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" ... at the poor man's perplexities. What was to be done? the morning was passing away, and Rip felt famished for want of his breakfast. He grieved to give up his dog and gun; he dreaded to meet his wife; but it would not do to starve among the mountains.... "
The Edinburgh magazine, and literary miscellany, a new series of The Scots ... - Page 320
1819
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The casquet of literature, a selection in poetry and prose, ed ..., Volumes 1-2

Casket - 1873
...man's perplexities What was to be done? The morning was passing away, and Hip felt famished for want of K L M An he approached the village he met a number of people, but none whom he knew, which somewhat surprised...
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First (-Sixth) illustrated reader

Illustrated reader - 1874
...passing away, and Rip felt famished for want of his breakfast. He grieved to give up his dog and his gun; he dreaded to meet his wife; but it would not...of trouble and anxiety, turned his steps homeward. invariably stroked their chins. The constant recurrence of this gesture induced Rip, involuntarily,...
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Cassell's illustrated readings, Volume 1; Volume 66

Cassell, ltd - 1875
...was brought to a stand. What was to be done ? The morning was passing away, and Rip felt famished. He grieved to give up his dog and gun ; he dreaded...approached the village he met a number of people, but none whom he knew, which somewhat surprised him, for he had thought himself acquainted with every one in...
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The Holborn series of reading books. Instructive reader, no, Issue 1

Charles Joseph S. Dawe - 1877
...anxious heart Rip turned his steps homeward, wondering what excuse he should make to Dame Van Winkle. As he approached the village he met a number of people, but none whom he knew. They all stared at him with surprise, and invariably stroked their chins. The constant...
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A Century of American Literature, 1776-1876

Henry Augustin Beers - 1878 - 407 pages
...perplexities. What was to be done ? the morning was passing away, and Rip felt famished for want of his breakfast. He grieved to give up his dog and gun...approached the village, he met a number of people, but none whom he knew, which somewhat surprised him, for he had thought himself acquainted with every one in...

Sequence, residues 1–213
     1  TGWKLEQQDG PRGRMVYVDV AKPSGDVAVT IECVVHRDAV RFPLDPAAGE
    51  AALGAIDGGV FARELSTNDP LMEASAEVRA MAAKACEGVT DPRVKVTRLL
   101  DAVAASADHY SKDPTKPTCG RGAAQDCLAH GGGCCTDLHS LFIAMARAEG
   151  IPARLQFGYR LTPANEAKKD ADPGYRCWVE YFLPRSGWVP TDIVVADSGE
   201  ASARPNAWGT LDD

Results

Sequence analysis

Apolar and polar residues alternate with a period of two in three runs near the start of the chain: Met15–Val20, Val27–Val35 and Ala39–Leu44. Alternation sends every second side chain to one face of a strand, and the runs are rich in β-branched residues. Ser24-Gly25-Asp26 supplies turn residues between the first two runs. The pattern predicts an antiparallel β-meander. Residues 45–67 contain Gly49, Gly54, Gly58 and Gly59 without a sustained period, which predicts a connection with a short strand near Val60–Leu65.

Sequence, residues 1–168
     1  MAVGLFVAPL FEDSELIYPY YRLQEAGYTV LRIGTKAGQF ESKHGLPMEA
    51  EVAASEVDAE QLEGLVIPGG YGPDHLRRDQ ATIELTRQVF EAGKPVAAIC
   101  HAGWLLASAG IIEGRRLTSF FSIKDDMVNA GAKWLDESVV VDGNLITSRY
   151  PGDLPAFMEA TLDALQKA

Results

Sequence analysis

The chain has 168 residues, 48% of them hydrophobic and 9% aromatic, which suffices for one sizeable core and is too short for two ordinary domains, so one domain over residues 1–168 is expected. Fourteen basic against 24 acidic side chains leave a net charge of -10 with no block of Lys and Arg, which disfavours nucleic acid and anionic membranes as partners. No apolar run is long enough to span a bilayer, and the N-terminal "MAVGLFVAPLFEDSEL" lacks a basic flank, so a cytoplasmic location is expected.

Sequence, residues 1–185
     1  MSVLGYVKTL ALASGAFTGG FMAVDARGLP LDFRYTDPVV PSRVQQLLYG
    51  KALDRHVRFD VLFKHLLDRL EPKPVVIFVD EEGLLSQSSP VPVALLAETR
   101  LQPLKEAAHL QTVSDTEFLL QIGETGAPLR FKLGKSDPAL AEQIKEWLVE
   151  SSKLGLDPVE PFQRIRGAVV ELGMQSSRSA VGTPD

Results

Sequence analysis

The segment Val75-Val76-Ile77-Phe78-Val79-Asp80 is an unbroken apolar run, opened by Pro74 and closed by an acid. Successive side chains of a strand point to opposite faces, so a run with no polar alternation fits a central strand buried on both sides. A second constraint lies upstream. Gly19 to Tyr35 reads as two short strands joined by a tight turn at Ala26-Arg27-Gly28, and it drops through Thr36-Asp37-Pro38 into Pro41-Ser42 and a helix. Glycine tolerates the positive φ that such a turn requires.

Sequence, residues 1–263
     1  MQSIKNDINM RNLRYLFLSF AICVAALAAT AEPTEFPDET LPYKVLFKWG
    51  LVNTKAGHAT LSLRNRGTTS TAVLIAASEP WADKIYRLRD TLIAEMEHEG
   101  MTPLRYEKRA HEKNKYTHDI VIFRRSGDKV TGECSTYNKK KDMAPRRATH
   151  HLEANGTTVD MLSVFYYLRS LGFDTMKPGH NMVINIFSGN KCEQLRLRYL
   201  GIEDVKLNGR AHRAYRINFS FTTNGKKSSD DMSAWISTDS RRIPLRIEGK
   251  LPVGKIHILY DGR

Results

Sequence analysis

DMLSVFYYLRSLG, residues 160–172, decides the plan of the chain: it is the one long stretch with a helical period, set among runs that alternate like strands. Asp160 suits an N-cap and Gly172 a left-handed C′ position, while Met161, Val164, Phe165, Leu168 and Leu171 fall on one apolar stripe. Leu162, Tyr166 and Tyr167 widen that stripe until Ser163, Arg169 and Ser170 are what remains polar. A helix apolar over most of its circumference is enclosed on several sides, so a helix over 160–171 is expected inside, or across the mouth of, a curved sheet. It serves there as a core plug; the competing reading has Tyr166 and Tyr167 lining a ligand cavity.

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Six Selections from Irving's Sketch-book: With Notes, Questions, Etc. for ...

Washington Irving, Homer Baxter Sprague - 1878 - 157 pages
...perplexities. What was to be done ? the morning was passing away, and Rip felt famished for want of his breakfast. He grieved to give up his dog and gun...approached the village he met a number of people, but none whom he knew, which somewhat surprised him, for he had thought himself acquainted with every one in...
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Appletons' School Readers

William Torrey Harris, Andrew Jackson Rickoff, Mark Bailey - 1878 - 142 pages
...passing away, and Rip felt famished for want of his breakfast. He grieved to give up his dog and his gun ; he dreaded to meet his wife ; but it would not...of trouble and anxiety, turned his steps homeward. 5. As he approached the village he met a number of people, but none whom he knew ; which somewhat surprised...
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Six Selections from Irving's Sketch-book: With Notes, Questions, Etc., for ...

Washington Irving, Homer Baxter Sprague - 1878 - 119 pages
...grieved to give up his dog and his gun ; he dreaded to meet his wife ; but it would not do to starve *w among the mountains. He shook his head, shouldered...approached the village he met a number of people, but none whom he knew, which somewhat surprised him, for he had 345 thought himself acquainted with every one...
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Six Selections from Irving's Sketchbook

Washington Irving - 1878 - 119 pages
...passing away, and Eip felt famished for want of his breakfast. He grieved to give up, his dog and his gun ; he dreaded to meet his wife ; but it would not do to starve 340 among the mountains. He shook his head, shouldered the rusty firelock, and, with a heart full of...
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American Prose: Hawthorne: Irving: Longfellow: Whittier: Holmes: Lowell ...

1880 - 424 pages
...perplexities. What was to be done? the morning was passing away, and Rip felt famished for want of his breakfast. He grieved to give up his dog and gun...approached the village he met a number of people, but none whom he knew, which somewhat surprised him, for he had thought himself acquainted with every one in...
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